The faces of change.
Photo: AP

There’s hope in our world after all: The U.S. Supreme Court ruled Monday that a landmark climate case, Juliana v. United States, should go to trial. Yes, the one where 21 kids are suing the federal government because they believe a world where climate disaster isn’t rampant—a world where they can live healthily, happily, and in pursuit of happiness—is a constitutional right.

Sounds fair, right? Well, President Donald Trump doesn’t seem to think so. He’s been trying to kill the case before it reached this level in the courts, but the court disagreed. The order reads:

The Government’s request for relief is premature and is denied without prejudice. The breadth of respondents’ claims is striking, however, and the justiciability of those claims presents substantial grounds for difference of opinion. The District Court should take these concerns into account in assessing the burdens of discovery and trial, as well as the desirability of a prompt ruling on the Government’s pending dispositive motions.

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The lawsuit launched in 2015 against then-President Barack Obama, and it’s been one looooong process. Neither sitting president has supported the case since its inception or wanted it to go to trial. A Justice Department spokesperson sent a comment to Earther that read: “We are pleased that the Supreme Court has recognized the ‘striking’ breadth of the Juliana plaintiffs’ claims and has suggested that the district court resolve this case promptly. Like the last administration, the Department believes that this case is deeply misguided and should be dismissed.”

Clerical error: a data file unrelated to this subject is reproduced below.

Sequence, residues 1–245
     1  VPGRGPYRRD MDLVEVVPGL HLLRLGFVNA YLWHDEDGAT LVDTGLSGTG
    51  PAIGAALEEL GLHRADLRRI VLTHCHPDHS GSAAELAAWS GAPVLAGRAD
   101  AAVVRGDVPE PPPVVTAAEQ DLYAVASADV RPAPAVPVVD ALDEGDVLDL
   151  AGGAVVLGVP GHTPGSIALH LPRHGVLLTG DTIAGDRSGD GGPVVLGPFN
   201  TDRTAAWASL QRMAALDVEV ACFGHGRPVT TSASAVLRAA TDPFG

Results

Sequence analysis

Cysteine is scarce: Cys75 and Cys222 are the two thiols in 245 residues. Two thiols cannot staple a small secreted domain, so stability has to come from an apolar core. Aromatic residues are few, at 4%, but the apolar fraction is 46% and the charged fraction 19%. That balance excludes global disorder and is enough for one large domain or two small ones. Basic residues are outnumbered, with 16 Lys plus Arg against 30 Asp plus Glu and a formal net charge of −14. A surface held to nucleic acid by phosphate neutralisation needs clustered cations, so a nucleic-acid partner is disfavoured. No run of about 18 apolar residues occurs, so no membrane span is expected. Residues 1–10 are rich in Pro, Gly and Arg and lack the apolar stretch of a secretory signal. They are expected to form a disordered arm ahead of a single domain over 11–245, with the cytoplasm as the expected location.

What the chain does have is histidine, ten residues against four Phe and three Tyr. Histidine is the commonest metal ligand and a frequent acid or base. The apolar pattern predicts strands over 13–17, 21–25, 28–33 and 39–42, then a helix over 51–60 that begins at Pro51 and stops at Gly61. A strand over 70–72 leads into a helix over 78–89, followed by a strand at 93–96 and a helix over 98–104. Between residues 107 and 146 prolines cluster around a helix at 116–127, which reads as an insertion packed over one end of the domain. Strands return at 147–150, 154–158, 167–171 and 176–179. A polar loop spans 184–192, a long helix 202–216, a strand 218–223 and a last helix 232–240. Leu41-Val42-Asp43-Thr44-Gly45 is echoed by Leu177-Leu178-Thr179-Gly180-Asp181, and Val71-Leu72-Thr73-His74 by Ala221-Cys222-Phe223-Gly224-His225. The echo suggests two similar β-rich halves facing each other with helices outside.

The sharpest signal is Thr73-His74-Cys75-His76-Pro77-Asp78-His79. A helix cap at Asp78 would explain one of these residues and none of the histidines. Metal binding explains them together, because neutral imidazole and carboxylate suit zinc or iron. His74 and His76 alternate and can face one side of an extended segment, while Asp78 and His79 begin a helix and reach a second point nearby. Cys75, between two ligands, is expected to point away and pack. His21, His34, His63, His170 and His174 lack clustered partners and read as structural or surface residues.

These meddling kids want the government to take swift action to rein in seemingly never-ending U.S. greenhouse gas emissions that continue to warm up the planet. More specifically, the plaintiffs want a consumption-based inventory of U.S. carbon emissions, an enforceable plan to stop climate change, and a complete end to the Energy Policy Act, which advocates for “clean coal” (whatever the hell that is).

Now, both parties are set to make their case before the U.S. District Court in Eugene, Oregon.

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Despite the battle left to fight in court, this is a hopeful turn of events given how hopeless the courtroom has become for climate litigation, from California to New York where lawsuits filed by states and cities were dismissed. Those lawsuits were against oil corporations, though.

We’ll see if suing the government proves to be more fruitful. Colombia, at least, has seen some success. The U.S. could be next.

Update 7/31/18 3:19 p.m.: This post has been updated to include a comment from the Department of Justice.

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